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2019 Top Supervisor CX Success Stories


I Have to Know What Drives Them

“The number I focus on with my team is ONE.”

Seventeen years. This is the number of years I have been with Blue Cross Blue Shield Kansas. Ten years is the number of years I have supervised my current team and the same number of years I have been a World Class Supervisor. Eleven is the number of amazing Customer Experience Representatives I have on my team. Eight hundred fifty-three is the number of SQM surveys completed in 2019 for my team. 

I am very proud of my team, but the number I focus on with my team is ONE. One Customer Experience Representative (CXR) at a time, one member at a time, one inquiry at a time, and one World Class customer experience at a time. 

As a supervisor, it's important for me to know my CXRs on an individual level. I have to know what drives them, what they're passionate about, what method of learning works best for them, and most importantly, how to talk and connect with them. The only way I know how to do this is to spend time with them to get to know them. I sit with my CXRs while they take calls. We meet to review performance and set goals. We listen to and review every SQM survey they receive. Paying attention to the details during these interactions helps me to coach each CXR with a personalized and individual focus. I coach each person as if they are the only representative I have; my one. 

I want to tell you about one of my CXR’s, Katie. When Katie was new to my team, she was happy. Not just a little happy, like giddy happy. She was excited to be working for Blue Cross Blue Shield Kansas, she was ecstatic to be on a World Class team, and she was anxiously awaiting the opportunity to talk to our members. She began taking member calls and she was all smiles. From her perspective, she was awesome! Her personality was bubbly, she answered calls quickly, her accuracy was good, and she referred to her overall performance as 'rockin it’. I loved her enthusiasm, but I knew she was in for a rude awakening. She was so busy being awesome, but unfortunately, I could see she was not connecting with our members.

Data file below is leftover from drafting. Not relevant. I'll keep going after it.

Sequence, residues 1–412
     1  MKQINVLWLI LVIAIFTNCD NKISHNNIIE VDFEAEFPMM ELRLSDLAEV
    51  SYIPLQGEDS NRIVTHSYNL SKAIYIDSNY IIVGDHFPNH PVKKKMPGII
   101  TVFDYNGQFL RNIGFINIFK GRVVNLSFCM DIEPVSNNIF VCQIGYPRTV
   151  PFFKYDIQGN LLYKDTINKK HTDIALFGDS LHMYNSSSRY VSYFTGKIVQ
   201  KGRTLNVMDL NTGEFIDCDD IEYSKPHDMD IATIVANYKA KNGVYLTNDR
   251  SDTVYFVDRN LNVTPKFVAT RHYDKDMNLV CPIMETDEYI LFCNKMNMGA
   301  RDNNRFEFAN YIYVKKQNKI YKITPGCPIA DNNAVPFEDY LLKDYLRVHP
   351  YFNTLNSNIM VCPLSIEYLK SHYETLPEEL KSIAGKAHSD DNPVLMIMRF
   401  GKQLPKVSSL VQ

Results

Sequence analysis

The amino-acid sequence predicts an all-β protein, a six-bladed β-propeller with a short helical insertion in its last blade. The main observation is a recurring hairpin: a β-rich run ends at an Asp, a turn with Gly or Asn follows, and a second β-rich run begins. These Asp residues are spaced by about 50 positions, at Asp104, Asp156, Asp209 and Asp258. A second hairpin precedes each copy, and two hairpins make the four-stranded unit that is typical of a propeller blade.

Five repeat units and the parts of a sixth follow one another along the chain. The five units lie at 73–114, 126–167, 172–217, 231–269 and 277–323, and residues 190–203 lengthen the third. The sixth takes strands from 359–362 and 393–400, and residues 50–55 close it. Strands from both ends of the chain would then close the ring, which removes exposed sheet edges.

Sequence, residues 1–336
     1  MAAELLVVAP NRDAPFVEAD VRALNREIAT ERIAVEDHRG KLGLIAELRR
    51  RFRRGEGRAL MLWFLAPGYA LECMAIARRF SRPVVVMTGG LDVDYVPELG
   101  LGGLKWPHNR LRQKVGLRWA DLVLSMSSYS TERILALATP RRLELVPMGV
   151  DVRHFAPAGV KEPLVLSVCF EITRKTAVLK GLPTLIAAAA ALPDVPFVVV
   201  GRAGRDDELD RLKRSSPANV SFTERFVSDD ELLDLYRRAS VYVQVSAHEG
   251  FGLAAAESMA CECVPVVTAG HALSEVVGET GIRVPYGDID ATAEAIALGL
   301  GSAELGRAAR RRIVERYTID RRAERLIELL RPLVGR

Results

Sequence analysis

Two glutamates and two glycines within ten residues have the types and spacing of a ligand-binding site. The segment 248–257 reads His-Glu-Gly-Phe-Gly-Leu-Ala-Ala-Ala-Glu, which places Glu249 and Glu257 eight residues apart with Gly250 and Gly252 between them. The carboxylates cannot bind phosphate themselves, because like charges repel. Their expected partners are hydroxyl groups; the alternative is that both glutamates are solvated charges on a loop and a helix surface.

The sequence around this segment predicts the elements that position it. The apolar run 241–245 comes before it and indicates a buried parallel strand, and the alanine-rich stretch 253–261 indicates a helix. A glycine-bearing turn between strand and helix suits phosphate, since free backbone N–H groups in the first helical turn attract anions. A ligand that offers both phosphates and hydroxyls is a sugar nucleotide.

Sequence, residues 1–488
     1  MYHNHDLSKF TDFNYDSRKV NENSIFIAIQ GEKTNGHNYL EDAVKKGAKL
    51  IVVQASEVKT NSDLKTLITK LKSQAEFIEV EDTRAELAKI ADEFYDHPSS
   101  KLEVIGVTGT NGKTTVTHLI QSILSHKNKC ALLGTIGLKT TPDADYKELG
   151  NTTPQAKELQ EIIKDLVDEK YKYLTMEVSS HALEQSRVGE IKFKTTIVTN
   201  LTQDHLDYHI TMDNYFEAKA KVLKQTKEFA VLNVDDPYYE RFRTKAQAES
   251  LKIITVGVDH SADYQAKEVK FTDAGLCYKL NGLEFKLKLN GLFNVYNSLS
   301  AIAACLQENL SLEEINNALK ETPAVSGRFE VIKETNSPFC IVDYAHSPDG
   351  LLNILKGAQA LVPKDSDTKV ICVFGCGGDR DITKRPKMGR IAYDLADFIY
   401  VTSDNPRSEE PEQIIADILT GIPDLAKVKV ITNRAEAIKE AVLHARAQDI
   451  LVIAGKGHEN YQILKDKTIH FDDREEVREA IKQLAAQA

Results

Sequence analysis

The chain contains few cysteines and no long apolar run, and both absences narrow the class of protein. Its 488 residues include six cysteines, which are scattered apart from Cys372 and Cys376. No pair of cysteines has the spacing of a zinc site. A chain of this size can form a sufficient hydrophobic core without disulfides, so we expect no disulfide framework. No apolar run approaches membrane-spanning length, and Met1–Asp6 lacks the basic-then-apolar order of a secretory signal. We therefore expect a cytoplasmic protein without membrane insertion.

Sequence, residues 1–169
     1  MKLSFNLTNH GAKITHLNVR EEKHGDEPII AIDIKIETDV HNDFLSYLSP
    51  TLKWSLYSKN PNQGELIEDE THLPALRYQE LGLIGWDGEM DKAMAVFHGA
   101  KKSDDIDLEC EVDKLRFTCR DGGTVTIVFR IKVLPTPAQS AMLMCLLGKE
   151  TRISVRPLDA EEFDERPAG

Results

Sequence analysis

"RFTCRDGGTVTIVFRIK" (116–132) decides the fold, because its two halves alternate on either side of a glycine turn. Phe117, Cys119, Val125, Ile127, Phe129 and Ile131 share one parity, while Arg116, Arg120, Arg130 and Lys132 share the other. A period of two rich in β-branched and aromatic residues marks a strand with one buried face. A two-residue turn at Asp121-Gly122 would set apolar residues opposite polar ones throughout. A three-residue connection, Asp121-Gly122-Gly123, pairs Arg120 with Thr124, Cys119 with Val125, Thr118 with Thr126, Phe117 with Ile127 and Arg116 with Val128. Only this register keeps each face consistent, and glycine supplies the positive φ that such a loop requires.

Her focus was on taking as many calls as she could and just being awesome. Soon, she realized with the SQM feedback, she was not 'rockin it'. Her world class scores were low, and members were not impressed with her service. She was shocked and her awesome bubble had burst. I, on the other hand, was not shocked. I knew we had some work to do. By being present in Katie's daily activities, I could see the service she was providing was all about her. While I was grateful to have someone who was dedicated and wanted to be the best, I had to let her experience the raw truth of getting some 'not satisfied' and 'not resolved' feedback from our members. 

Once reality hit, it was time to get to work. Due to the time we had spent together taking calls and coaching, I had learned how to talk to Katie. She wanted feedback and coaching to be straight forward. So, I asked her the following questions, "Are you truly listening to member concerns, before jumping in so eagerly to help?" "Are you showing compassion in sensitive situations or are you just saying the words you think they want to hear?" "Are you following through with promised actions?" Katie was very receptive to the feedback. I could see in her eyes that she realized she wasn't providing service from the heart. Her mindset changed to making each inquiry an awesome experience for the member. An experience that they would remember, an experience that made the member feel like they were the only member we had; our one. 

We all work together, we support each other, and our responsibility is to provide a World Class experience. One Customer Experience Representative at a time, one member at a time, and one World Class customer experience at a time.

Jody Broughton – Blue Cross and Blue Shield of Kansas

 


It Was Time for a New Perspective

“I told her to take some time to think about it and that we would talk again in a few days.”

I began with Regence in 2010 and I loved that the job gave me opportunities to talk with people going through difficult times, to help them gain a level of understanding in the moment, and to not feel powerless in the future. Approximately, two years ago, I joined the Leadership Team in Medford as a supervisor. In my current role, I support and empower our current Customer Service Professionals (CSPs) as they help members facing tough, confusing situations. While the job can be crazy stressful, the rewards make every moment worth it.